A common issue that many new Design Space users encounter concerns connecting cursive text. When generating text in Design Space, the letters will be separate. There are a few different ways to connect cursive text in Design Space. Here’s the method I like to use:
After inserting the text, click “Ungroup.”
Each letter is now separate. While holding down the shift key, move the letters together until they touch. Holding down shift key while moving the letters with the mouse will keep them on the same x-axis.
Select the Text
To select the text to be welded, you can:
- drag a bounding box around your text, or
- hold down the shift key while selecting the letters in the Layers panel or on the design screen
When the cursive text to be welded is selected, click WELD.
If letters like “e” or “o” fill in, they are too close together. To fix this, undo the weld, move the letters slightly apart, and then weld again.
Remember that weld only needs to be used when connecting cursive text or combining images. Attaching will hold cut placement.
Another option with system fonts is using an outside program like FontLab Pad. This program does one thing, but it does that one thing really well. After downloading and opening FontLab Pad, go to File>Open Installed.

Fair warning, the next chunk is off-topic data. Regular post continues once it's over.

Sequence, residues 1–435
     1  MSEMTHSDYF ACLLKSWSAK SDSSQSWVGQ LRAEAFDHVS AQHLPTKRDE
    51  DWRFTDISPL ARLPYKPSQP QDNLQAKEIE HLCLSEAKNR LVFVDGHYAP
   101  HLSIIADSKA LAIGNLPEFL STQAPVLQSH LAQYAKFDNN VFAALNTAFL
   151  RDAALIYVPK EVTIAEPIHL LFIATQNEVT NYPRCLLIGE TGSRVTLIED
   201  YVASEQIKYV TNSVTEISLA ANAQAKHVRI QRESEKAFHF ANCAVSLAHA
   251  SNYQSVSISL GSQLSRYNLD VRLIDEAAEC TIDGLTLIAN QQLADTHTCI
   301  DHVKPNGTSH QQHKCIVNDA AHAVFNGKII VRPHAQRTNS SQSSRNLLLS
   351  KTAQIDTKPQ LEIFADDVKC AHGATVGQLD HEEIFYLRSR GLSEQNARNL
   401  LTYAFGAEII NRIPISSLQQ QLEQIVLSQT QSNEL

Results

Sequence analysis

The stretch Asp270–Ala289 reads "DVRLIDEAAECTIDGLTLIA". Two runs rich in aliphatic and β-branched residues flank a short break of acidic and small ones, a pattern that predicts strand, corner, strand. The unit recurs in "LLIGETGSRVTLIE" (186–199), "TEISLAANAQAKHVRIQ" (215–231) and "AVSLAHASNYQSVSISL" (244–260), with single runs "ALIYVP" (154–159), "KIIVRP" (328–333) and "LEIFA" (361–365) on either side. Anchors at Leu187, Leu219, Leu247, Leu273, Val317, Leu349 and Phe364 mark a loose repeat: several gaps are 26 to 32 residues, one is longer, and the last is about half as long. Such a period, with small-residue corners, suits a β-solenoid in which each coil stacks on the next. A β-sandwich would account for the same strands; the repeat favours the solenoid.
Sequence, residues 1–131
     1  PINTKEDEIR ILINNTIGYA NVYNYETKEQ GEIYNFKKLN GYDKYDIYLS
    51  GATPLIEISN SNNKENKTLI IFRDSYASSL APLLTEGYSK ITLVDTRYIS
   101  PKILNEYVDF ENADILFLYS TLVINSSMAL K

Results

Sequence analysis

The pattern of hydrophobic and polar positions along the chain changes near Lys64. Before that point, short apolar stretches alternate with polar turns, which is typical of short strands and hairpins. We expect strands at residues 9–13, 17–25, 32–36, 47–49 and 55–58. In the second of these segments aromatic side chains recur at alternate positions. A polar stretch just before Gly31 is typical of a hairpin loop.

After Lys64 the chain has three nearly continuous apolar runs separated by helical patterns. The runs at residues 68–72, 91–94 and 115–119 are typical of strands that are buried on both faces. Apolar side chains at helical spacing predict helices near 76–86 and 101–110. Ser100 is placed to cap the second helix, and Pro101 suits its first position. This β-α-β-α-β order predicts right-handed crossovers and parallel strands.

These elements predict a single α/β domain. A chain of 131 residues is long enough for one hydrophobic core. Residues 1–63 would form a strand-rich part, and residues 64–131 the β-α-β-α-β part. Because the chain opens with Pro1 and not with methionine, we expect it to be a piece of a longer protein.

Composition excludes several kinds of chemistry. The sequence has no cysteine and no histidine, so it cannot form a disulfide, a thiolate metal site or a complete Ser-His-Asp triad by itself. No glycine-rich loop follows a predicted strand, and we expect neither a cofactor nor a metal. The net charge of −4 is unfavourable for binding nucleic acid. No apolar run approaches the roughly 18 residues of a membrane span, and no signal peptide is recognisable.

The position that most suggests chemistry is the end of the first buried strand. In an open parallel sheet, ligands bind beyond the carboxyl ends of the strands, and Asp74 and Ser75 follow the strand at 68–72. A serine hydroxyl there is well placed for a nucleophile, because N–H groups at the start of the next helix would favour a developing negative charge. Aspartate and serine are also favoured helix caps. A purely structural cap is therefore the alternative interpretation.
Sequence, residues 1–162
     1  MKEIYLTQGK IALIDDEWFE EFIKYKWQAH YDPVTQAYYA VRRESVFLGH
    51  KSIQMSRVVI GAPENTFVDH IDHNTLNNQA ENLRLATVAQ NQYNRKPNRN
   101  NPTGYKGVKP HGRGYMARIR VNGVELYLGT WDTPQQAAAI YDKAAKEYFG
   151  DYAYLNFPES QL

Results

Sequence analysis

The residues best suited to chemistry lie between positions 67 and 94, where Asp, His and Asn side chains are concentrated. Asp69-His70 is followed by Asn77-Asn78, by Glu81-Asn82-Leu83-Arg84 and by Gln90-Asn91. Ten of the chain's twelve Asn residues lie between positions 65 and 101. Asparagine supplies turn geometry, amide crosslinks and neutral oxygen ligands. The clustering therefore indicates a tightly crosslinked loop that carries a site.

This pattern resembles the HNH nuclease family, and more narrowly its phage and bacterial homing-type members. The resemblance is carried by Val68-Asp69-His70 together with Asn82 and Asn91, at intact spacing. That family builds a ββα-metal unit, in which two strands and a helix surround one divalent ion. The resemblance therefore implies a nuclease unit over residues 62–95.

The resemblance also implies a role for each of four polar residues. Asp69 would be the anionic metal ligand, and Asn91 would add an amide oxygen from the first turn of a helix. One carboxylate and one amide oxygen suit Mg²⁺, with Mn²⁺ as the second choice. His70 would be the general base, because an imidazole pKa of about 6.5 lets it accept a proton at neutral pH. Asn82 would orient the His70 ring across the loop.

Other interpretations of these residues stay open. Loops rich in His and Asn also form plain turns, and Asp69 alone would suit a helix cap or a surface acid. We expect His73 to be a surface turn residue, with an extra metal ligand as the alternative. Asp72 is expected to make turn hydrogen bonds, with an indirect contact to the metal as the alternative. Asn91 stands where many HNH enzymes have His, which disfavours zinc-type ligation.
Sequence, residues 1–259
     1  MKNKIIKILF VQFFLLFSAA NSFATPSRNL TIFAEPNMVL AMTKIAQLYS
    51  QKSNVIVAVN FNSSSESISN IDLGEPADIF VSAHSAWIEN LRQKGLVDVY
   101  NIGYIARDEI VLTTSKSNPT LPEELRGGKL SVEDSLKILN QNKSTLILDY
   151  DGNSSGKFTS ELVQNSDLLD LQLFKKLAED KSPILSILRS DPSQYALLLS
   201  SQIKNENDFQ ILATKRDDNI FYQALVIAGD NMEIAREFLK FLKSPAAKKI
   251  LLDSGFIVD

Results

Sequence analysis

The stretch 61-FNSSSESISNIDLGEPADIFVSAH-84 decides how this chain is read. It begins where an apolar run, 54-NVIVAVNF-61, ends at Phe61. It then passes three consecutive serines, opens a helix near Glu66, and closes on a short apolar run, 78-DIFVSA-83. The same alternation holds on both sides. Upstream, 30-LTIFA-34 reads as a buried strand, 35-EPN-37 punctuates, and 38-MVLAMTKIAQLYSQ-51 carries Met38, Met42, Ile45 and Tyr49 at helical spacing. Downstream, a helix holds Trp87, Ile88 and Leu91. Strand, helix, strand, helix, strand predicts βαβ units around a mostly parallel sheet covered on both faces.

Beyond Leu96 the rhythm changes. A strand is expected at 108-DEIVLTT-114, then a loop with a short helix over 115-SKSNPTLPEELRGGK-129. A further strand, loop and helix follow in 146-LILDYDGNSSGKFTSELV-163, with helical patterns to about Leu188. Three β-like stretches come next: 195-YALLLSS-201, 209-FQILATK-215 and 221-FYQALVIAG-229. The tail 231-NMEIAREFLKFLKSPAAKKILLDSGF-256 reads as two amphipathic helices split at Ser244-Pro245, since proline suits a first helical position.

A window will open with all the fonts installed on the computer. You can scroll to find a font you like or use the search box to find a font by name. I selected Blue Planet.
After clicking “OK,” a window will open where I can type my text.
Next, I click on the down arrow in the upper right corner, and select “Save As.” I save it as a .svg file in the folder where I save my other downloaded .svg files.
Upload the .svg file to Design Space just like any other image, select it, and put it on the design screen. A big advantage of creating text outside of Design Space is that it is now an image which is available to put in other projects.
I could weld the letters right away, but that the “H” and the “B” are still separate. If I weld and cut the words as they are, I will get five separate cuts (including the dot on the “i”). I decided I wanted to connect those letters to the words, so I ungrouped and moved the capital letters so that they touched the rest of the words. After cutting I will have three pieces – the two words and the dot on the “i”.
I welded the words separately so that I can move the words around independently.
Here are links to the fonts I used:
I demonstrate these techniques in this video: